A high resolution seasonal and annual precipitation climatology of the Upper Indus Basin was developed, based on 1995-2017 precipitation normals obtained from four different gridded datasets (Aphrodite, CHIRPS, PERSIANN-CDR and ERA5) and quality-controlled high and mid elevation ground observations. Monthly precipitation values were estimated through the anomaly method at the catchment scale and compared with runoff data (1975-2017) for verification and detection of changes in the hydrological cycle. The gridded dataset is then analysed using running trends and spectral analysis and the Mann–Kendall test was employed to detect significant trends. The nonparametric Pettitt test was also used to identify the change point in precipitation and runoff time series.
The results indicated that bias corrected CHIRPS precipitation dataset, followed by ERA5, performed better in terms of RMSE, MAE, MAPE and BIAS in simulating rain gauge-observed precipitation. The running trend analysis of annual precipitation exhibited a very slight increase whereas a more significant increase was found in the winter season (DJF). A runoff coefficient value greater than one, especially in glacierized catchments (Shigar, Shyok and Gilgit) indicate that precipitation was likely underestimated and glacial melt in a warming climate provides excess runoff volumes.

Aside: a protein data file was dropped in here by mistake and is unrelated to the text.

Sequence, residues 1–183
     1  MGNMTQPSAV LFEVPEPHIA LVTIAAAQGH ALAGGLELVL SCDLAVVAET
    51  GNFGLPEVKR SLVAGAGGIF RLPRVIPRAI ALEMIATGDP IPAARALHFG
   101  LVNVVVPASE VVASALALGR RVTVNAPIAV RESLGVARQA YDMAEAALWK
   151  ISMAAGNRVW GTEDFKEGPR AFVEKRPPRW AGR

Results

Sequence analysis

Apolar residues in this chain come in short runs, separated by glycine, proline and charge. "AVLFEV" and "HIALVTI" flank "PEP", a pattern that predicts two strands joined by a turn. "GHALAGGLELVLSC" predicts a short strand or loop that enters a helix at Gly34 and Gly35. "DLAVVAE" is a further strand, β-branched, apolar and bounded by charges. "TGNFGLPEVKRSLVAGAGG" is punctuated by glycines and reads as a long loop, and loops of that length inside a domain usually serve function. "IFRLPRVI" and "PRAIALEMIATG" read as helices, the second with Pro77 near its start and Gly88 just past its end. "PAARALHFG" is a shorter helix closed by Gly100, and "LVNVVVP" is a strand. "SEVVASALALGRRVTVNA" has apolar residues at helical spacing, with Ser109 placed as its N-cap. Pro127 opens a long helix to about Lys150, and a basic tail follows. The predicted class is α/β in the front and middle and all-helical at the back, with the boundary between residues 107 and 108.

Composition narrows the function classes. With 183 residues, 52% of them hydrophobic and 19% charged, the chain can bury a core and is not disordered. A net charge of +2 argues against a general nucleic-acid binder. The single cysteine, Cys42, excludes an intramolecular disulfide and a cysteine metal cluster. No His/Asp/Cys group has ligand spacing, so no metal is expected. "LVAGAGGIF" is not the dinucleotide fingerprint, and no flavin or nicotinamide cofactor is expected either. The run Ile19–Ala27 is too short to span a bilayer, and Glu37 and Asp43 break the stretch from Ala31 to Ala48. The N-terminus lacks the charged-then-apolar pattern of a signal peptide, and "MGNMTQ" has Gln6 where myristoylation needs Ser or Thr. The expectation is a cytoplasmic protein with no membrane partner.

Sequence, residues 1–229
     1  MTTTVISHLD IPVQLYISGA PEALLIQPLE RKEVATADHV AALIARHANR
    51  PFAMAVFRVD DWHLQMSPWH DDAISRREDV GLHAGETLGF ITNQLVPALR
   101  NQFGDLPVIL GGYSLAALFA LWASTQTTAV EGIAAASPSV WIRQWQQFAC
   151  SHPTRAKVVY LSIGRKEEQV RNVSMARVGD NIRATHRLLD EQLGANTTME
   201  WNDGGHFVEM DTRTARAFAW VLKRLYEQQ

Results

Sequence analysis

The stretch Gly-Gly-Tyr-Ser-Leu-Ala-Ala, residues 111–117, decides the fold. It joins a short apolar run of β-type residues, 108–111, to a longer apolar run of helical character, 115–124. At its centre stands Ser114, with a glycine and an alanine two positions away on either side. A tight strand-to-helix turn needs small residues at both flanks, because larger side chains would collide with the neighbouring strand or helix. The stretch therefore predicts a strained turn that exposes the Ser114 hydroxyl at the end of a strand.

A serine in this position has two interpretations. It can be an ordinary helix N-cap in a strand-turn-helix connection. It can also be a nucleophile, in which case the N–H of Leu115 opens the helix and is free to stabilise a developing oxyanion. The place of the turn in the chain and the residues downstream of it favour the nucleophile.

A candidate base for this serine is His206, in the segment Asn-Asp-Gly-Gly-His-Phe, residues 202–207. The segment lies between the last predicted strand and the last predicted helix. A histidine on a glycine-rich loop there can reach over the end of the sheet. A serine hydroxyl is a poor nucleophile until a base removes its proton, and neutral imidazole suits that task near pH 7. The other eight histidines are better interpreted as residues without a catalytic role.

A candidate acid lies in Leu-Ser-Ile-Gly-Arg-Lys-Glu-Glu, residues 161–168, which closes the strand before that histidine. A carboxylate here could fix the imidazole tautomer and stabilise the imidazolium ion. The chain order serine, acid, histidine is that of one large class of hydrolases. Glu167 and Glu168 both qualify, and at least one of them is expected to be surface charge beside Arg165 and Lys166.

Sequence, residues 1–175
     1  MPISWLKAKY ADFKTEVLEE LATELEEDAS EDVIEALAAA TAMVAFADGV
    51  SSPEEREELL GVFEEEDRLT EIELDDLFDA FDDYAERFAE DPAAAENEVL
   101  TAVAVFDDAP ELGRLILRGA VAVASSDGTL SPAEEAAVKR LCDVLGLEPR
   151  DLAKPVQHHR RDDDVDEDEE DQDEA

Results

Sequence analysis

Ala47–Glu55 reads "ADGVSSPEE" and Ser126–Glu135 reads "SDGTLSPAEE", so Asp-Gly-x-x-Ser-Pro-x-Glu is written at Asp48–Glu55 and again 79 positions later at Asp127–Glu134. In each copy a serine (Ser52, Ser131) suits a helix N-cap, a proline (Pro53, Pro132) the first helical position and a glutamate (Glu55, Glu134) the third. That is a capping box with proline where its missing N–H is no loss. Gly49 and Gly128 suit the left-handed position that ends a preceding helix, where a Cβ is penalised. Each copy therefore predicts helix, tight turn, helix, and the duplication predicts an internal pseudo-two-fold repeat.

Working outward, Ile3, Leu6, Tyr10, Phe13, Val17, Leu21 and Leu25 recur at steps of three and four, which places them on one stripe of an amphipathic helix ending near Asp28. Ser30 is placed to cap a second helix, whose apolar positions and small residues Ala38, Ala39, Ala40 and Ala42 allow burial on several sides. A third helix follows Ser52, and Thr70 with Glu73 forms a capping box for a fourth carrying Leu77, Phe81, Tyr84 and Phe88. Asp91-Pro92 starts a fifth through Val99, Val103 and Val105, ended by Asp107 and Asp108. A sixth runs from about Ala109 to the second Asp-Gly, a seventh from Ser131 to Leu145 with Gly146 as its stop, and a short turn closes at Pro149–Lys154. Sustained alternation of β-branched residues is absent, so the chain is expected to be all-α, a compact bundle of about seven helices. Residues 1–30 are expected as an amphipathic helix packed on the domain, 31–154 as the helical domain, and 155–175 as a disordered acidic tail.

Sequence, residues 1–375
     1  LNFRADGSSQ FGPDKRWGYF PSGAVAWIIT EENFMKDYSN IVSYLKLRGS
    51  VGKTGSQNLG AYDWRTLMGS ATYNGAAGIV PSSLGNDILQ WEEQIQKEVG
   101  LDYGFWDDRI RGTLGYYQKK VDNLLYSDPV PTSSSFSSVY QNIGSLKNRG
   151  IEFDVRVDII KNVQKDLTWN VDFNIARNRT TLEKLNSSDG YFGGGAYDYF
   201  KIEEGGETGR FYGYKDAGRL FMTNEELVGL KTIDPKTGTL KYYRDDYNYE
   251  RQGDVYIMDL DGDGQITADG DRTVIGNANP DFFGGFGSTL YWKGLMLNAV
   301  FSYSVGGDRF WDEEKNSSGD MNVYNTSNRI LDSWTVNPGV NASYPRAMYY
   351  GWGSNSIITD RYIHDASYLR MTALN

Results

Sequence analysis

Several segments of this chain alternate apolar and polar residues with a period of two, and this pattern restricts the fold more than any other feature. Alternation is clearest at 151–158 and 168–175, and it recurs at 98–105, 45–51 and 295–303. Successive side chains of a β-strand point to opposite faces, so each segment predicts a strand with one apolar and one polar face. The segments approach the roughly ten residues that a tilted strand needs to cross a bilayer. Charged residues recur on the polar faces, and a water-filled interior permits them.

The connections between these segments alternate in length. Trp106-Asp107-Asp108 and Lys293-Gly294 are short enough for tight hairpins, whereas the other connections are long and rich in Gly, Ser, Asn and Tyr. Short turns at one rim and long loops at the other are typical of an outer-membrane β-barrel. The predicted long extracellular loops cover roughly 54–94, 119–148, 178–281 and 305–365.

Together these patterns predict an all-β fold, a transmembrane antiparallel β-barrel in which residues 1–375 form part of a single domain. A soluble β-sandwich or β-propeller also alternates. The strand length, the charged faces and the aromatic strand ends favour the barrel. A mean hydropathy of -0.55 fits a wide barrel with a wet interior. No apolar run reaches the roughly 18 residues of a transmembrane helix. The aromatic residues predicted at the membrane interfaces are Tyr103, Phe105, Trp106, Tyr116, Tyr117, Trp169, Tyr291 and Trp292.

As far as the streamflow is concerned, variabilities are more pronounced at the seasonal rather than at the annual scale. At the annual scale, trend analysis of discharge shows slightly significant increasing trend for the Indus River at the downstream Kachura, Shyok and Gilgit stations. Seasonal flow analysis reveals more complex regimes and its comparison with the variability of precipitation favours a deeper understanding of precipitation, snow- and ice-melt runoff dynamics, addressing the hydroclimatic behaviour of the Karakoram region.